Ranking the Entire Bears Roster: Key Contributors (11-39)

| August 5th, 2019

This is the meat of the rosters, players who should see the field quite a bit.

39. Nick Kwiatkoski, LB

Can really be a liability against the pass, but he has good instincts and is a solid special teams player. The Bears could live with him playing on first and second downs if needed.

38.  Jonathan Bullard, DL

Has never even approached his potential, but hasn’t been awful either. Holds his own and you occasionally see his burst but not consistent enough to play on a deep defensive line.

37. Chase Daniel, QB

Great for the locker room and he showed last year the Bears can win with him. He’s not capable of being a starter, but the Bears have had a lot of starting quarterbacks who were worse than Daniel.

[EDITOR’S NOTE: Never a truer, sadder statement.]

36. Joel Iyiegbuniwe, LB

Played some special teams last year, but the hope is he can beat out Kwik this year. Didn’t have to play with much discipline in college so the NFL was a big jump. Now it’s time to see if he can play.

35. Ben Braunecker, TE

Solid special teams player who can hold his own as a blocker. Has never come close to touching his athletic potential, but the Bears liked him enough to bring him back and not bring in serious competition.

34. Sherrick McManis, DB

Special teams star who showed he can play a little at corner last year. The Bears obviously didn’t feel strongly that McManis could repeat his defensive performance, but he remains one of the best special teamers in the league.

33.  Ted Larsen, OL

We’ve read this book before. You can get away with Larsen for a limited number of snaps. He’s probably better than Eric Kush, but not by much.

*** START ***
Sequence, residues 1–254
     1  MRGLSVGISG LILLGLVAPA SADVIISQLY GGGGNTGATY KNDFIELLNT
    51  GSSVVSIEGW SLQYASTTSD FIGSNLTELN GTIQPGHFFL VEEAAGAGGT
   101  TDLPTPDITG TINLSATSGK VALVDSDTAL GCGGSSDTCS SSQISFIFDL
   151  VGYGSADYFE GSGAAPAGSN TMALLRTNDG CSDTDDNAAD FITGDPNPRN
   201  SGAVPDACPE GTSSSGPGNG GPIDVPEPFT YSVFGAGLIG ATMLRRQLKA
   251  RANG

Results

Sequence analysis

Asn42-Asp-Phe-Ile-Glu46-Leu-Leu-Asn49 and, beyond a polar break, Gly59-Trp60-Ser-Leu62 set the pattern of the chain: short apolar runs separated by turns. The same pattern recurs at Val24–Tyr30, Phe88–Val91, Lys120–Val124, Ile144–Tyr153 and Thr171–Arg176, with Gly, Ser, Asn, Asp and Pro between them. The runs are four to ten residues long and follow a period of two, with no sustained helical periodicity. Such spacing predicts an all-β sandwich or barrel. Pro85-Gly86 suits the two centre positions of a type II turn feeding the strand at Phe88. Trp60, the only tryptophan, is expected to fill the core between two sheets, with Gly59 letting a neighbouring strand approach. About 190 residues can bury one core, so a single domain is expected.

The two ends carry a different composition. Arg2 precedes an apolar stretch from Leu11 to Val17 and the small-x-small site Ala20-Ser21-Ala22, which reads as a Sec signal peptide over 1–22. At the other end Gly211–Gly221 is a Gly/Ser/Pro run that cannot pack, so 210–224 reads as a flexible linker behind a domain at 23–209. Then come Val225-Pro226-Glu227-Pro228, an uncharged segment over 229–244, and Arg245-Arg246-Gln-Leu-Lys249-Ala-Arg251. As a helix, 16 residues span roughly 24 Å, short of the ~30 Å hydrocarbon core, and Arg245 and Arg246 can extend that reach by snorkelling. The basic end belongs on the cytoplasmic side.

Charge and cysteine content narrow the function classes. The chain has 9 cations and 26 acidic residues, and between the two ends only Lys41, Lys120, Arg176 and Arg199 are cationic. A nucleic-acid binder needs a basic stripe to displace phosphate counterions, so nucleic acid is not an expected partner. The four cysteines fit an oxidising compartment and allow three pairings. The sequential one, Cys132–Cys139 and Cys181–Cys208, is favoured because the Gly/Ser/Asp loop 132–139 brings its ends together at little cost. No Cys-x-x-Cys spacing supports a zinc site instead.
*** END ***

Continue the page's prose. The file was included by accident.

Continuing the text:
32. Aaron Lynch, Edge

Started strong last year, but then started getting injured, which is the story of his career. Bears actually got him for cheaper this year than last year.

31. Adam Shaheen, TE

A make-or-break year for the tight end. Shaheen has some very good traits, but has never put it all together. Too slow to be a move tight end, but has the potential to threaten defenses as an in-line tight end.

30.  Mike Davis, RB

Part of the reason I was surprised the Bears drafted David Montgomery is because I thought Davis looked good with Seattle. A former mid-round pick who is tough to bring down. He’ll make Montgomery earn the starting job.

29. Riley Ridley, WR

It’s hard not to hear the raves about the fourth-round pick, known as a smooth route runner who can win physical battles. An early-camp injury, might be enough to prevent him from breaking a tough lineup.

28. Deon Bush, S

Has proven to be capable when called upon but has trouble staying available.

27. Javon Wims, WR

Seemed to make plays every time he stepped on the field last year. Doesn’t have great speed or athletic traits, but he’s physical and has shown good hands.

26. Bilal Nichols, DL

Stole a starting job last year and seemed to make at least one play in the backfield every week. Needed to get stronger this off-season to be able to stack blockers, but there’s a ton of potential.

25. David Montgomery, RB

Might be the player the Bears most targeted this off-season. Super quick player who has good contact balance and, most importantly, allows the Bears to utilize every play in the playbook.

24. Cordarrelle Patterson, RB/WR/KR

We already know what kind of kick returner Patterson is, but the Bears think he can be so much more than that. Nagy has brought Patterson up unprompted on multiple occasions. He can’t wait to use his new toy, who he says will play the “Trojan” position.

23. Roy Robertson-Harris, DL